Fort Lauderdale was a U.S. Army post was established in 1838 during the Second Seminole War by Major William Lauderdale, Tennessee Volunteers, in the present day city of Fort Lauderdale, Florida. The fort was relocated twice in 1839 and finally abandoned in 1842.
Post #1 – In early 1838 General Thomas S. Jesup dispatched Major William Lauderdale and his 200 mounted Tennessee Volunteers along with Lieutenant Robert Anderson and a company of 3rd U.S. Artillery to present-day Fort Lauderdale to pursue hostile Seminole Indians in the area. On March 6, 1838, Major Lauderdale established a post on the north bank of the New River at present-day SW 8th Terrace and SW 4th Court. The post was built out with a 30-foot square, two-story-tall blockhouse that was later enclosed with a 60′ by 50′ stockade. Major Lauderdale was joined by Lieutenant Colonel James Bankhead and four artillery companies from Fort Dallas. Major Bankhead assumed command of 600 man force. Actions against the hostiles resulted in the surrender of some 44 hostile Indians and Major Lauderdale and his volunteers departed for Fort Jupiter on April 4, 1838. The remainder of the garrison abandoned Fort Lauderdale on May 7, 1838. The Seminoles destroyed the fort a few months later.
Post #2 – In February 1839, Company K of the 3rd U.S. Artillery under Captain William Davidson reestablished Fort Lauderdale at a new location. The new location was closer to the ocean and built out as a temporary post with tents surrounded by pickets, a single watchtower, and a canvas covered log blockhouse. The second post was located near present-day SE 9th Ave and SE 4th St west of Tarpon Bend.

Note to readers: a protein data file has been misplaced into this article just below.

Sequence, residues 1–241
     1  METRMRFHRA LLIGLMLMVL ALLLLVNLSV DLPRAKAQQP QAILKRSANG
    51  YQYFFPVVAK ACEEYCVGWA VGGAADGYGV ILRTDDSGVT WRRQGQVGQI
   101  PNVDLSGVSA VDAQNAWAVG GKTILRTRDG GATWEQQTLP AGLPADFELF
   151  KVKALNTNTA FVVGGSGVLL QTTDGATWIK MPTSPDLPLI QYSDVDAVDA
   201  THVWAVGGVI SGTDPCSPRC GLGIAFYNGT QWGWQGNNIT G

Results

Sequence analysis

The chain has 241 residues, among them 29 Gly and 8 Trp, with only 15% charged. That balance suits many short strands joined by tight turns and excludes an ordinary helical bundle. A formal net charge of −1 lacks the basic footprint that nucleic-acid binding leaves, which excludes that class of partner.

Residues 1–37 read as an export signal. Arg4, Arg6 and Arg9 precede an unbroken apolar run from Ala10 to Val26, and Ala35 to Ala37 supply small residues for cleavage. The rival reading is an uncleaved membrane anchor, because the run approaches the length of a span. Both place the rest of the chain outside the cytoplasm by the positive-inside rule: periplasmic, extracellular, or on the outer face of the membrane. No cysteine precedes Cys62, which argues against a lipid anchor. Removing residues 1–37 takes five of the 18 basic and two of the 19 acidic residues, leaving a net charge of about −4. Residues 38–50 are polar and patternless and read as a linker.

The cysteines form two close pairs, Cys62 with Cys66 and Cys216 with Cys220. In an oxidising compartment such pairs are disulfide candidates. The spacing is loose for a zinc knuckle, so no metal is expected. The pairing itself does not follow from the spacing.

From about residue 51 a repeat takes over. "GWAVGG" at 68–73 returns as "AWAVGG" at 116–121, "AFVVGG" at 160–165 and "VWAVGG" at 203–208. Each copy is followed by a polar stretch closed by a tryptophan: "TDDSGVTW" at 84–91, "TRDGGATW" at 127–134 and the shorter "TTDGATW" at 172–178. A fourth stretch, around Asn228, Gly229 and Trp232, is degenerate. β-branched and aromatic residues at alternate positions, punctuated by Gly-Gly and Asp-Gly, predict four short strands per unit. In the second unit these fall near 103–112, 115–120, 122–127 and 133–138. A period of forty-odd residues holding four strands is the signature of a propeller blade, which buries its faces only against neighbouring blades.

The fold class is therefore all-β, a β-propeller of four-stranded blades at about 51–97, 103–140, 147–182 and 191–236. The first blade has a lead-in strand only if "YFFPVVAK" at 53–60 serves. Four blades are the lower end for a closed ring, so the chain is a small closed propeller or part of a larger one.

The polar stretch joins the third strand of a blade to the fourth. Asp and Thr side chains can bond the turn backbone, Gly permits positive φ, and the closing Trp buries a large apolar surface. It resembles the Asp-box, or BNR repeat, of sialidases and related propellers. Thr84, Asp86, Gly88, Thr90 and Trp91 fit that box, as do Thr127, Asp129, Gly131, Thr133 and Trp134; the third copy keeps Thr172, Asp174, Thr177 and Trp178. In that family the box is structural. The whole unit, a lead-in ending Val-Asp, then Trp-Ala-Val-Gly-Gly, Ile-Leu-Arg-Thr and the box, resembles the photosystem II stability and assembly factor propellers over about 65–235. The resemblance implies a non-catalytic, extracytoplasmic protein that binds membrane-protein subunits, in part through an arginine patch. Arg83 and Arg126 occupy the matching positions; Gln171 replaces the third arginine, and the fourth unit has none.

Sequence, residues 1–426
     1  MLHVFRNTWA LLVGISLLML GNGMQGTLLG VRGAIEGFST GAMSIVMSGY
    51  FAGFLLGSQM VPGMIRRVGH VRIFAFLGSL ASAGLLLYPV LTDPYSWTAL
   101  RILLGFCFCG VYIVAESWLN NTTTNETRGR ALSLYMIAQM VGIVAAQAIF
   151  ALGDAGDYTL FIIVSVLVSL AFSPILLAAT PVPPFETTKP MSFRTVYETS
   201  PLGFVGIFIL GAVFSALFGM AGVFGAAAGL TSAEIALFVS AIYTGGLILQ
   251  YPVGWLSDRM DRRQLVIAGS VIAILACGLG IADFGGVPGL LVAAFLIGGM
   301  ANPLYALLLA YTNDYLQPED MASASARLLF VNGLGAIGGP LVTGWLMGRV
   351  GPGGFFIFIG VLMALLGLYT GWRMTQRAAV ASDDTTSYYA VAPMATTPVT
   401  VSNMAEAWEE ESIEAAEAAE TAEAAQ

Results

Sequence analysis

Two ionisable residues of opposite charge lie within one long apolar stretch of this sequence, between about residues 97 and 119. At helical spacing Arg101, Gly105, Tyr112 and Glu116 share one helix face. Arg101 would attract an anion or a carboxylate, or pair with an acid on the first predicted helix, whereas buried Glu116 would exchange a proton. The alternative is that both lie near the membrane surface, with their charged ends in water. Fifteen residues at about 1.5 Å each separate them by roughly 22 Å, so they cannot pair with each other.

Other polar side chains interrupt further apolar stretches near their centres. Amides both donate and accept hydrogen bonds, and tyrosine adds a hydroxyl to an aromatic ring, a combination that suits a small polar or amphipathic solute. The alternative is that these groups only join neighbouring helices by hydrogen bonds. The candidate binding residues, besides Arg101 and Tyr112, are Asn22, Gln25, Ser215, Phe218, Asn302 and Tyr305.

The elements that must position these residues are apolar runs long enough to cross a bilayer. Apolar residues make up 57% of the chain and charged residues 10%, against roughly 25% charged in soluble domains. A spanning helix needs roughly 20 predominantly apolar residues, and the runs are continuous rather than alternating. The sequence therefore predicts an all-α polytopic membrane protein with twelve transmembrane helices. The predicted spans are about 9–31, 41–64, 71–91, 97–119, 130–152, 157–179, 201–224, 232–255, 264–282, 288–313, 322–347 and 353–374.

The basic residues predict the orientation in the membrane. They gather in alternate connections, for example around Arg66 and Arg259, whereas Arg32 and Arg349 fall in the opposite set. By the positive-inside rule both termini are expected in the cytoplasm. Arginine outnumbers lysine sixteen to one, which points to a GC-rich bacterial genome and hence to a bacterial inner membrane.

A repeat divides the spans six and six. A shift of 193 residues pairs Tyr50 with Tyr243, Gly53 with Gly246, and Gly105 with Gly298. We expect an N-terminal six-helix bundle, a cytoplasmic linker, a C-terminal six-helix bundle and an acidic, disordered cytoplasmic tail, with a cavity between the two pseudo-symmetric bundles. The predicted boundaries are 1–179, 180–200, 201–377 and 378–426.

Post #3 – A more permanent post was begun even closer to the ocean and it was completed by the end of September 1839. The new post was more substantial than either of the first two forts with two-story blockhouses at three of the angles and a substantial stockade. The new fort was garrisoned until January 1842 and then abandoned as the Second Seminole War came to an end. The third post was located approximately at the present day south beach parking lot across from Bahia Mar.
After the fort was abandoned the area remained largely empty, as the remaining Seminole withdrew to Pine Island (near present-day Hollywood Seminole Indian Reservation), and only a handful of settlers were known to live in all of what eventually became Broward County. As there was no overland route into or out of the area, no significant settlement was undertaken until the 1890s.
There are no remains of any of the posts today.
Compiled by Kathy Weiser-Alexander, updated October 2018.